Monthly #apaperaday wrap-up: February 2023
Prof. Annemieke Aartsma-Rus is taking on a challenge by reading and commenting on a paper a day. She shares her insights, findings and thoughts via her @oligogirl Twitter account. Each month, a curated selection of the relevant papers for Duchenne and Becker muscular dystrophy are presented by the World Duchenne Organization. See below the overview of February 2023.
- Time to diagnosis of Duchenne muscular dystrophy in Austria and Germany Read more>
- A manifesting female carrier of Duchenne muscular dystrophy: Importance of genetics for the dystrophinopathies Read more>
- 263rd ENMC International Workshop: Focus on female carriers of dystrophinopathy Read more>
- Sharing “Negative” Results in Neuromuscular Research: A Positive Experience Read more>
- Spectrum of Genetic Variants in the Dystrophin Gene: A Single Centre Retrospective Analysis of 750 Duchenne and Becker Patients from Southern Italy Read more>
- Evaluation of rAAVrh74 gene therapy vector seroprevalence by measurement of total binding antibodies in patients with Duchenne muscular dystrophy Read more>
- Moving away from one disease at a time: Screening, trial design, and regulatory implications of novel platform technologies Read more>
- Accuracy of Non-Invasive Prenatal Testing for Duchenne Muscular Dystrophy in Families at Risk: A Systematic Review Read more>
- Variants in the Sequence of the Probe Hybridization Site May Affect MLPA Performance in Patients with Duchenne/Becker Muscular Dystrophy Read more>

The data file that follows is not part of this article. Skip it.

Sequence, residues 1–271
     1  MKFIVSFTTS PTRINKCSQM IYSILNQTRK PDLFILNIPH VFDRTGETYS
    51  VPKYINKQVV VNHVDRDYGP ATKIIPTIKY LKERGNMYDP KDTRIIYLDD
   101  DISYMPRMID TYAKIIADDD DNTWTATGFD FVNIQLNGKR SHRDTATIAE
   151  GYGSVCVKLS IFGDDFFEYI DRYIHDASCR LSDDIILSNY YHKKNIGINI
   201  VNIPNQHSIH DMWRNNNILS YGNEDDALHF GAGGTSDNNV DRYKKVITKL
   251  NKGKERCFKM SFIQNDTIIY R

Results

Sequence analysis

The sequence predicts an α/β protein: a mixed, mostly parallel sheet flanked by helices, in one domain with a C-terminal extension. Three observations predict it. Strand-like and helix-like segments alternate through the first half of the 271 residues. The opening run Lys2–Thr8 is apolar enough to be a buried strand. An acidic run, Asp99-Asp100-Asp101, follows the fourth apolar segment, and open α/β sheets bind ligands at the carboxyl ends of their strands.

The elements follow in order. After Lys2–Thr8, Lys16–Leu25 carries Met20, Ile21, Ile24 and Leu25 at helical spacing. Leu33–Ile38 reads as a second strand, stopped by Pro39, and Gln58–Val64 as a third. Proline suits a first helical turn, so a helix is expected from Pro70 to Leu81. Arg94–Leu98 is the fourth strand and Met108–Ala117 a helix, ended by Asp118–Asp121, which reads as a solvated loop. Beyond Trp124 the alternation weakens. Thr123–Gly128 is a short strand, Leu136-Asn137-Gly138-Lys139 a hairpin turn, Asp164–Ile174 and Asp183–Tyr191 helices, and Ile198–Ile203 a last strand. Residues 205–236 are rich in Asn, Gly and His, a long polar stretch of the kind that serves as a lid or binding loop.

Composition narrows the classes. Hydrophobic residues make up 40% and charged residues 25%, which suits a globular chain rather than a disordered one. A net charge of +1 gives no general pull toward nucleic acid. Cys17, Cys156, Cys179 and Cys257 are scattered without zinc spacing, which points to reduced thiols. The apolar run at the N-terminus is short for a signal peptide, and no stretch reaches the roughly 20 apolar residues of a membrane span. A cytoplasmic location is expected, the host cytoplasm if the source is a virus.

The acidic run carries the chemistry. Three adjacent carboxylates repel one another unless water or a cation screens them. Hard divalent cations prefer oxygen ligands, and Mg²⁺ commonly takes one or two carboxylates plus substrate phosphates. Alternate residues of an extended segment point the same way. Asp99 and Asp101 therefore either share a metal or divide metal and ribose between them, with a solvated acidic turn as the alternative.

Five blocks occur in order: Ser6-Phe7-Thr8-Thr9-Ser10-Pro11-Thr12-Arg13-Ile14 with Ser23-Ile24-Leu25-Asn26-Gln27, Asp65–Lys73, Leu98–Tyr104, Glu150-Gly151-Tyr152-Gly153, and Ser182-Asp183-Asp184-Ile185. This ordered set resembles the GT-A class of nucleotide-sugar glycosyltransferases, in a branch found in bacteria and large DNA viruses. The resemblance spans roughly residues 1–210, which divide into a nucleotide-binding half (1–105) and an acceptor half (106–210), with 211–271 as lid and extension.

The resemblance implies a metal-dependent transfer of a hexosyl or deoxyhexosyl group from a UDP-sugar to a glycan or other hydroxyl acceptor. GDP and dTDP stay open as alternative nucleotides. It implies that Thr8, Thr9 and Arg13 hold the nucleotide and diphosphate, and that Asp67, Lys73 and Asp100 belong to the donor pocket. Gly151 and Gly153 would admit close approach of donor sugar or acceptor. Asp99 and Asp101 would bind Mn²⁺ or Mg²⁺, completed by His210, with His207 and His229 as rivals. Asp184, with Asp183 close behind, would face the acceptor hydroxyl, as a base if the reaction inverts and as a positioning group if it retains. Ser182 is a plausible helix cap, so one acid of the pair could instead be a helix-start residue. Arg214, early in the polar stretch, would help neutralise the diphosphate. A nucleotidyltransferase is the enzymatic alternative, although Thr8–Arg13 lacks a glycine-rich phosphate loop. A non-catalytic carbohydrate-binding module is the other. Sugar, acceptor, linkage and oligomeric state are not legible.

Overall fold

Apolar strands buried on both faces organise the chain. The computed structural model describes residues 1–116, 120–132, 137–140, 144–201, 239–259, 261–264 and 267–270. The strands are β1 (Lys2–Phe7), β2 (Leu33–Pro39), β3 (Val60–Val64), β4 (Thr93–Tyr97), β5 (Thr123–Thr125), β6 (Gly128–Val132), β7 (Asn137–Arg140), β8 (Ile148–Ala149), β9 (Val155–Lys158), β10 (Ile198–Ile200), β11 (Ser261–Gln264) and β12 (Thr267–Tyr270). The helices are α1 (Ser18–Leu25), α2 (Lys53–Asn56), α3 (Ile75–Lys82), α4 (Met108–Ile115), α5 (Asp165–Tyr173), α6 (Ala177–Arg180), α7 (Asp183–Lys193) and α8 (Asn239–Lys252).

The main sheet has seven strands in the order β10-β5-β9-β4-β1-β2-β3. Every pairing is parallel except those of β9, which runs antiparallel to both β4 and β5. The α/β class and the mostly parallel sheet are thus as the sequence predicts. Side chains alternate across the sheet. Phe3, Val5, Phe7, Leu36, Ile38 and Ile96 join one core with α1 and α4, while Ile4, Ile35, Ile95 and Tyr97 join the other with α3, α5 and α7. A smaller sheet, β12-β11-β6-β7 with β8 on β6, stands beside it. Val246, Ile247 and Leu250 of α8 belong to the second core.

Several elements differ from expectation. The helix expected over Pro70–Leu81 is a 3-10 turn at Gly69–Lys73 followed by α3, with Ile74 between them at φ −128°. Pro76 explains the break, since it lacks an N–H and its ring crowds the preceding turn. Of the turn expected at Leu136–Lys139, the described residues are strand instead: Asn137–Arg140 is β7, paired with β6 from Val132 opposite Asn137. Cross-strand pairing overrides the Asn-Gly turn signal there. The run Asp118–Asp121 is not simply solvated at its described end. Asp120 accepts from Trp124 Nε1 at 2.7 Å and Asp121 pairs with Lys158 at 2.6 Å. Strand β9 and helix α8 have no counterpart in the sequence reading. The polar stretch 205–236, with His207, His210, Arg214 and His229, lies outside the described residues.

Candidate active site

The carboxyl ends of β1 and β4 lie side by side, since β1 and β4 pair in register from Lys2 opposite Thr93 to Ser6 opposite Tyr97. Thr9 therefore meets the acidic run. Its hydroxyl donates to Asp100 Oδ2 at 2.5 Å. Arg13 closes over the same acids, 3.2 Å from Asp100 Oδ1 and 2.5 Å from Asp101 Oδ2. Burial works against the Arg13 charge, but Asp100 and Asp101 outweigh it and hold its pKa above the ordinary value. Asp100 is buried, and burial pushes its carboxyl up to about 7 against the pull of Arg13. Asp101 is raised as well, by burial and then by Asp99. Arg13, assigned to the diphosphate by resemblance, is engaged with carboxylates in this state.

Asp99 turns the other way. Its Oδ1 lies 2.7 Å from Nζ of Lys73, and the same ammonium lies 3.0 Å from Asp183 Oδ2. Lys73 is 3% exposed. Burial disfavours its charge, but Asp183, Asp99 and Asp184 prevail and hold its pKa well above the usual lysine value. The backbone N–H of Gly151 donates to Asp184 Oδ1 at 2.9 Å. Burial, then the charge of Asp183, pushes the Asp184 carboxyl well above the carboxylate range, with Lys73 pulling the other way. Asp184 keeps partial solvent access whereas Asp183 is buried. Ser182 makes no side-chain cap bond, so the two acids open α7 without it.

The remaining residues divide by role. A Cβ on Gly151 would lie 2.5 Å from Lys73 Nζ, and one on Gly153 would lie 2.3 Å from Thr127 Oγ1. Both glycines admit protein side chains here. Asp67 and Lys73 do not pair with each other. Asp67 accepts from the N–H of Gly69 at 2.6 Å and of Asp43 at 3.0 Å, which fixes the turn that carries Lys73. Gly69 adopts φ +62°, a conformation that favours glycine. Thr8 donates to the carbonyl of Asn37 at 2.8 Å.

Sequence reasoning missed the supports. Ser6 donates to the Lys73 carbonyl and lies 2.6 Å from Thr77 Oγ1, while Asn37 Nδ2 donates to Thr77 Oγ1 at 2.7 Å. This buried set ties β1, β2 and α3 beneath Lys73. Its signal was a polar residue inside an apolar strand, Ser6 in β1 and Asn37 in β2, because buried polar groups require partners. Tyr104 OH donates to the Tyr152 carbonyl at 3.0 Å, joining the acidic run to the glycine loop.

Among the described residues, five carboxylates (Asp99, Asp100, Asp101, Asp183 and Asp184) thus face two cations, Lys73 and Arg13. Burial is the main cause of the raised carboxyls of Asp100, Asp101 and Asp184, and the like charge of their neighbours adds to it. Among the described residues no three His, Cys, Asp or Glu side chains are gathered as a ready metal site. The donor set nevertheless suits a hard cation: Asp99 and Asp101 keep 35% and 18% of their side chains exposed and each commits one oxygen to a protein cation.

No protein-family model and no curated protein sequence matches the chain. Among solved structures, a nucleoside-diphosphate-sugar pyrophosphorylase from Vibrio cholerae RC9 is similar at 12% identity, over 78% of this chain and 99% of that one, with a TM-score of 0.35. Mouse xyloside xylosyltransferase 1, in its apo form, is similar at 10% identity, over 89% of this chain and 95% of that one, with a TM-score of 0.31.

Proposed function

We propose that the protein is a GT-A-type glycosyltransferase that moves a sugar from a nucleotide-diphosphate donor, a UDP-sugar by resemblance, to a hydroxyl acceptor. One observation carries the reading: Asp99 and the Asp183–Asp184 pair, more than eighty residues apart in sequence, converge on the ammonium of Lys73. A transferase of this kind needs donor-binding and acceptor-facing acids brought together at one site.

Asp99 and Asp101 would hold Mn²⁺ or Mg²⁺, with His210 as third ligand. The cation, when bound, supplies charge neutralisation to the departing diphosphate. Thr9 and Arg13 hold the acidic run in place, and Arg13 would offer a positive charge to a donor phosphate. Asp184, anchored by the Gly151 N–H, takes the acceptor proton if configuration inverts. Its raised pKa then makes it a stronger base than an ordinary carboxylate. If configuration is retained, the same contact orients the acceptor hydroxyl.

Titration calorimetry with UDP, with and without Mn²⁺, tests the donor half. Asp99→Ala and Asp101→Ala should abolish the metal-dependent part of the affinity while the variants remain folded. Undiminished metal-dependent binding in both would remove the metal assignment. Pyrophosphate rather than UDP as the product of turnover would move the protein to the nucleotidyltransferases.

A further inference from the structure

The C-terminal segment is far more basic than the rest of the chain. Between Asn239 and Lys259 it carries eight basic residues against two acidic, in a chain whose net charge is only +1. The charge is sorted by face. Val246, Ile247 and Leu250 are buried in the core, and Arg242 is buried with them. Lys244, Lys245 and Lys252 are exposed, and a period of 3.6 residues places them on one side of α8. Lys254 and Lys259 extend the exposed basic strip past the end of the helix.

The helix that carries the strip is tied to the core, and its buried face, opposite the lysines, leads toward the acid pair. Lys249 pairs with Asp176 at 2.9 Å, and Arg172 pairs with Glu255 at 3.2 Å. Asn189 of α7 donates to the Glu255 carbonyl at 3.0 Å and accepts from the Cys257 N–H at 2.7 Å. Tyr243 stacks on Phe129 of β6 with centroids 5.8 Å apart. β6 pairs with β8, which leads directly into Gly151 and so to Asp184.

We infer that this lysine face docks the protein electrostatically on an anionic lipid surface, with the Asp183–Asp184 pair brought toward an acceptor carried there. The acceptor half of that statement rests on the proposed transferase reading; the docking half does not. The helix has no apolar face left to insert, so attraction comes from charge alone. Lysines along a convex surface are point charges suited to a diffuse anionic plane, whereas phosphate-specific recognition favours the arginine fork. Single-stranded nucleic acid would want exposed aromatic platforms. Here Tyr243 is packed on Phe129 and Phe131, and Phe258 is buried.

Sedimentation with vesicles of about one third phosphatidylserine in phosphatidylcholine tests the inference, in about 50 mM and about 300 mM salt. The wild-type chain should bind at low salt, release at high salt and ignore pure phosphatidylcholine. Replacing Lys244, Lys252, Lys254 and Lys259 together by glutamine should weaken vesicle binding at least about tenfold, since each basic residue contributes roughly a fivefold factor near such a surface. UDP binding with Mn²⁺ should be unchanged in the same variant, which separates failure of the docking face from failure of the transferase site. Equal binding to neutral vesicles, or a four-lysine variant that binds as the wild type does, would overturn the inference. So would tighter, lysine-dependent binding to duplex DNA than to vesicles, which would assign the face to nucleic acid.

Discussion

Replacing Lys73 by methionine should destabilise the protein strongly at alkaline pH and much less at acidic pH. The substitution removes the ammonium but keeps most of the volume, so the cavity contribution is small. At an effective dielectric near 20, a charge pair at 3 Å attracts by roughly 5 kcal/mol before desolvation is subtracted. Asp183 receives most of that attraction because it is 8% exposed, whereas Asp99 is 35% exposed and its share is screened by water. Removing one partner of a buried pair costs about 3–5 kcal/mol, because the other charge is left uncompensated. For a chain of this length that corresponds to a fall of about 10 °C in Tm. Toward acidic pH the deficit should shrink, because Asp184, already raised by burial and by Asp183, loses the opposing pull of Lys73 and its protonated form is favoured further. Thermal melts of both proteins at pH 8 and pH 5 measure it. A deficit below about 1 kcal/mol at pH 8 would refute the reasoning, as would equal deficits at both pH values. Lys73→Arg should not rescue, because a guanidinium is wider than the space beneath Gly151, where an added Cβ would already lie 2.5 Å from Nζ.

We are grateful for prof. Aartsma-Rus for allowing us to share her daily recaps. Follow @oligogirl on Twitter to stay on top of the latest #apaperaday tweets, or subscribe to the WDO Newsletter to receive the monthly must-reads in your inbox.
About professor Annemieke Aartsma-Rus
Prof. Dr. Annemieke Aartsma-Rus is a professor of Translational Genetics at the Department of Human Genetics of the Leiden University Medical Center. Since 2013 she has a visiting professorship at the Institute of Genetic Medicine of Newcastle University (UK).
Her work currently focuses on developing antisense-mediated exon skipping as a therapy for Duchenne muscular dystrophy. In addition, in collaborative efforts she aims to bridge the gap between different stakeholders (patients, academics, regulators and industry) involved in drug development for rare diseases.
In 2013 she was elected a member of the junior section of the Dutch Royal Academy of Sciences (KNAW), which consists of what are considered the top 50 scientists in the Netherlands under 45. From 2015 to 2022, she was selected as the most influential scientist in Duchenne muscular dystrophy by Expertscape.